Open source virtual machine project HHVM (HipHop Virtual Machine) has made a breakthrough. Facebook and WP Engine, which provides a WordPress-based content management platform, have enabled HHVM and PHP to run side by side, making HHVM more feasible for production. While the news will be of interest to developers, HHVM’s maturity is something the industry at large should take into account.

  • Funding

    • It Ain’t Easy Making Money in Open Source: Thoughts on the Hortonworks S-1

      While Hadoop and big data are unarguably huge trends driving the industry and while the future of Hadoop looks very bright indeed, on reading the Hortonworks S-1, the reader is drawn to the inexorable conclusion that it’s hard to make money in open source, or more crassly, it’s hard to make money when you give the shit away.

  • BSD

    • PC-BSD 10.1 review

      The last PC-BSD release I reviewed was the 9.1 edition, and that was back in December 2012 (see PC-BSD 9.1 preview). That’s almost two years ago, But that’s because I’ve been very disappointed with subsequent releases after that, so I never bothered to write another review, though I was each testing each release privately.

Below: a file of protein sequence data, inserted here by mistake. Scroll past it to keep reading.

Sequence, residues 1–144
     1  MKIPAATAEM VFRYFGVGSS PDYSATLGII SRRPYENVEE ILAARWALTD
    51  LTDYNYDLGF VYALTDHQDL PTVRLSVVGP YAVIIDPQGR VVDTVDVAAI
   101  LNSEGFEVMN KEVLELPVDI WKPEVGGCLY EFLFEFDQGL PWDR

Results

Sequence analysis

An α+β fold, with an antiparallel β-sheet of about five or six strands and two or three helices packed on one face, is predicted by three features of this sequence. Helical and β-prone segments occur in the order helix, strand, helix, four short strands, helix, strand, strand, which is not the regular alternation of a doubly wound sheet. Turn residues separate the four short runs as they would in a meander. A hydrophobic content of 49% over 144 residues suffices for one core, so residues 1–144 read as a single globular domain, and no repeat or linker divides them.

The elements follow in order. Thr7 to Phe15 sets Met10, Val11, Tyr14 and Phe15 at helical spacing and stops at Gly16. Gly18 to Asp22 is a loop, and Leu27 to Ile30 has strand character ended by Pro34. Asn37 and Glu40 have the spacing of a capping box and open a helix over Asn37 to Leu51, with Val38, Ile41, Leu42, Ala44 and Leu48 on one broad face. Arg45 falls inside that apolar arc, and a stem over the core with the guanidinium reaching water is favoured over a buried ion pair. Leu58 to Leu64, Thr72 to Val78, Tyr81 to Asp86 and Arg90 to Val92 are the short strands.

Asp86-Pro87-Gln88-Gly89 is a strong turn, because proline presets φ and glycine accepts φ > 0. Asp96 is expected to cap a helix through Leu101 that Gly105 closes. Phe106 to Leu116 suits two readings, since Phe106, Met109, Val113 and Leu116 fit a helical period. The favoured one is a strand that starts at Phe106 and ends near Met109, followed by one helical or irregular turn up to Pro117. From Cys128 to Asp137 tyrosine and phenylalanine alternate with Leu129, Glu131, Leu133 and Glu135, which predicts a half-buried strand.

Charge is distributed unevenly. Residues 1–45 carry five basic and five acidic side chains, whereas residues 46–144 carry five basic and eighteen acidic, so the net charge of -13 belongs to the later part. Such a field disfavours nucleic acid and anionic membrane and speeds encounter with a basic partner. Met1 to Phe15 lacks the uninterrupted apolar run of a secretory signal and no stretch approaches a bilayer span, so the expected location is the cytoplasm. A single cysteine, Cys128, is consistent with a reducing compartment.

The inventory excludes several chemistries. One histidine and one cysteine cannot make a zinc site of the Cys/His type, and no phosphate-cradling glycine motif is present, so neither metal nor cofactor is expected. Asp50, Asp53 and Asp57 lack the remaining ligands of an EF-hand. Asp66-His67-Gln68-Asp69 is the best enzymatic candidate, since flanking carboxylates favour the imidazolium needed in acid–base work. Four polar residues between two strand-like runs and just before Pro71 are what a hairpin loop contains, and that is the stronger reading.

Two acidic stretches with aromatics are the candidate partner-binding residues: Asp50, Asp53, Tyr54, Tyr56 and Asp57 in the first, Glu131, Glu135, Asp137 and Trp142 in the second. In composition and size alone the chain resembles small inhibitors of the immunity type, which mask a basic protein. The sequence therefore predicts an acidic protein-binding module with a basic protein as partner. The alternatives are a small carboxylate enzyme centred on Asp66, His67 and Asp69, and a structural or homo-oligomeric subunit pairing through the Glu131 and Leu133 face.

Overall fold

• A Go Front-End Could Soon Be Landing In LLVM

      The “llgo” Go front-end to LLVM could soon be accepted as a new sub-project. This Go front-end is written in the Go language itself.

  • FSF/FSFE/GNU/SFLC

    • Purism hopes to crowdfund a high-end, open source laptop

      Want a laptop that runs free and open source software, and only open source software? The folks behind the Purism Librem 15 want to build one… and sell it to you.